John Wycliffe, Luther’s Model for the Reformation

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In 1427 AD, the church dug up the remains of John Wycliffe. His remains were burned and the ashes thrown into the local river. After his death he had been tried and found guilty of heresy, leading to the events that had his remains burned and dispersed.

But this didn’t stop Wycliffe from having great influence over the next few centuries. After his posthumous burning, his writings and views spread throughout England and found their way into the hands of later Protestant reformers.

What had Wycliffe done to create such a stir within the Catholic church and the civil authorities of his native land, England? He stood up to the wealthy clergy that existed in England at the time. He was the first to translate the Bible into the native language of his people, Middle English. He pushed back on the selling of indulgences. He preached that the Bible had more authority than the local priest or even the Pope.

Ironically, much of what he stood for was resolved in 1965 during Vatican 2 and the Catholic Reformation during the middle of the 16th century. Many of his ideas were also used by Martin Luther during the Protestant reformation of the early 16th century.

In the 1370’s the Pope demanded money from England to pay for its defense against a potential attack by France. Wycliffe loudly protested the payment and suggested that the Pope use the money of the wealthy clergy of England, instead of taxing the already overtaxed English people.

Naturally, this created a great stir and Wycliffe was called to London to answer charges of heresy. There were large numbers of people supporting both Wycliffe and the church. The debate got so acrimonious a widespread brawl broke out and ended the meeting.

Afterwards, Pope Gregory issued 18 edicts denouncing Wycliffe and referred to Wycliffe as the “Master of Errors.” Wycliffe himself, stated that he didn’t see much difference between the Pope and the antichrist. A term Luther would also use to describe the Pope during the Protestant reformation.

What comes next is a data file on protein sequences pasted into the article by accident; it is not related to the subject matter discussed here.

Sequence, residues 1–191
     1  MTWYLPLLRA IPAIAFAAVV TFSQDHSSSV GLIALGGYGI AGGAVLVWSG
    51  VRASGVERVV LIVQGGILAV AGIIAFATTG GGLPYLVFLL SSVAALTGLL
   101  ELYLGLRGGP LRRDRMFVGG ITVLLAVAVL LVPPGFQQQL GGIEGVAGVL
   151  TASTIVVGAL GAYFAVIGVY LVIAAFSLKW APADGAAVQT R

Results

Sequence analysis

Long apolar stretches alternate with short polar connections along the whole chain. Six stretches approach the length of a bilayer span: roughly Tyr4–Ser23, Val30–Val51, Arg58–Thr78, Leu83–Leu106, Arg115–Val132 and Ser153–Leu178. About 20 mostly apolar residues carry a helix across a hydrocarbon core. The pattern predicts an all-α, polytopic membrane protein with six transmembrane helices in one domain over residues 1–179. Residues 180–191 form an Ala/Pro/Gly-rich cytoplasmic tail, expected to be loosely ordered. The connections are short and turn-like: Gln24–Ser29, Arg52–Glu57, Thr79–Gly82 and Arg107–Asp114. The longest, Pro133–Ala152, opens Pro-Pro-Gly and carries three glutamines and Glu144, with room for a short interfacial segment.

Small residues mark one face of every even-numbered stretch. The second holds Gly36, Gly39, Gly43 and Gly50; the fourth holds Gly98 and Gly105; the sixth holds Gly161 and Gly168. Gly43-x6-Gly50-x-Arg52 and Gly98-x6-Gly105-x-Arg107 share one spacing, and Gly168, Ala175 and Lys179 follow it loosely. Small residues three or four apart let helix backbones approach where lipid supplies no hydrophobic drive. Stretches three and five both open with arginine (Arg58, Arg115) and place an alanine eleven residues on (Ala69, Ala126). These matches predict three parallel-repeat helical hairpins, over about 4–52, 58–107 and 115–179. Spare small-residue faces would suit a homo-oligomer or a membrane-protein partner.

Not much happened to Wycliffe because of his popularity in England and the Great Schism in the church in 1378, where two rival Popes were elected. For the balance of his life Wycliffe remained untouched by the authorities.

Wycliffe’s great accomplishment was translating the Vulgate Bible into Middle English. The Vulgate Bible was written in Latin, making it inaccessible for most of Europe during the middle ages. The Vulgate was written in 382 AD by Jerome and was considered the official Bible of the church.

Wycliffe believed that if Moses heard from God in his native tongue. Christ’s followers should also be allowed to read the Bible in their native language. Wycliffe with a group of associates, created a Bible that the people of England could read and understand. It was the first such translation of the Vulgate Bible. Today handwritten copies exist in England.

Luther, himself adopted this point of view nearly one hundred fifty years later in creating a German version of the Bible. Luther also agreed that the Bible was the authoritative source for all Christians and should be made available to the common person in a language they could understand.

While many consider Martin Luther the father of the Protestant Reformation, many of his ideas came from earlier clergy. Certainly, Wycliffe being the most prominent. Jan Hus, from Czechoslovakia was similar to Wycliffe and another contributor to Luther’s reformation. Hus was burned at the stake for his views. In Scholarly terms, Wycliffe is studied before Luther, because of his influence on his future impact on the Protestant Reformation.

Today Wycliffe is not the controversial figure he was in the 14th century. He is honored in by the Anglican church on December 31st each year. Oxford University has a theological school named after Wycliffe. If Luther is the father of the Protestant Reformation, Wycliffe is certainly the grandfather.

Wycliffe’s goal was to make the word of God, through the Bible,  available to all people. Today the full Bible is available in 671 different languages.

Blessings, until next time,
Bruce L. Hartman

Photo by Aaron Burden

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